China vows retaliation of ‘same proportion’ in response to any new US tariffs
Beijing will not hesitate to take further countermeasures in case Washington decides to impose a new round of tariff hikes against Chinese goods, with China’s ambassador to the US promising a swift and “proportional” response.
China's Ambassador to the United States Cui Tiankai said that the new fares on 128 US goods that took effect on Monday were a direct and measured response only to the US increase of steel and aluminum tariffs – but not the planned hike of duties on other Chinese imports ordered by President Donald Trump.
“We will certainly take countermeasures of the same proportion and the same scale, same intensity,” Cui Tiankai said Tuesday according to China Global Television Network.
While Beijing had previously signaled that it was ready to go toe-to-toe with Washington’s trade war, Cui clearly stated that the latest measures are just the beginning. He said China has yet to decide on its countermeasures against a package of tariffs targeting more than 100 types of Chinese goods, ranging from clothing to electronics – if and when they are officially introduced.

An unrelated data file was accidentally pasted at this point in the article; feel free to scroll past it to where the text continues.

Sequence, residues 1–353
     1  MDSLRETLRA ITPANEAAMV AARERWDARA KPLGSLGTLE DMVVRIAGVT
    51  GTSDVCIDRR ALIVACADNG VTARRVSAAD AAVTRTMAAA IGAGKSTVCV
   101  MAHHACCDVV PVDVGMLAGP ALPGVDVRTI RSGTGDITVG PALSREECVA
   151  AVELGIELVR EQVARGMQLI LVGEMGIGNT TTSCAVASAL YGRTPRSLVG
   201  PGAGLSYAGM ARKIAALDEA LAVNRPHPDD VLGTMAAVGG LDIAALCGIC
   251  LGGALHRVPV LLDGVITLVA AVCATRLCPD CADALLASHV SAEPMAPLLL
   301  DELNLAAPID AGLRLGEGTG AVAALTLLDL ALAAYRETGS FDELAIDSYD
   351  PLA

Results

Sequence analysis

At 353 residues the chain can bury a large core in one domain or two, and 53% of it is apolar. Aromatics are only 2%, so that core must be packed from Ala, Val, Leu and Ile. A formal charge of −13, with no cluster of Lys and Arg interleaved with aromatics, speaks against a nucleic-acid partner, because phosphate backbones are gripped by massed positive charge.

If the US announces tariffs based on the 301 investigation, we will certainly take countermeasures of equal proportion, scale and intensity: Cui Tiankai, Chinese ambassador to the US pic.twitter.com/kUkuawzhPT— Global Times (@globaltimesnews) April 3, 2018
On March 22, while announcing the suite of tariffs, which potentially target some $60-billion worth of Chinese exports, Donald Trump said it would help the US to reduce trade imbalances with China and curb the alleged theft of American intellectual property. His administration accused Beijing of making “state-led, market-distorting efforts to force, pressure, and steal US technologies and intellectual property.”
Washington is expected to unveil the list of targeted Chinese imports this week.
Rejecting the accusations of mass intellectual property theft, the envoy emphasized that China has been steadily strengthening its efforts and legal system, and is always ready to “look at the specific cases if there’s any violation of intellectual property rights… no matter by whoever.”
“The real question is how we can make all the technology benefit as many people as possible and all the economies, all the people, will benefit from such programs and there would be a better life for everybody,” Cui Tiankai added. “It’s not a matter of who will get supremacy, sort of.”
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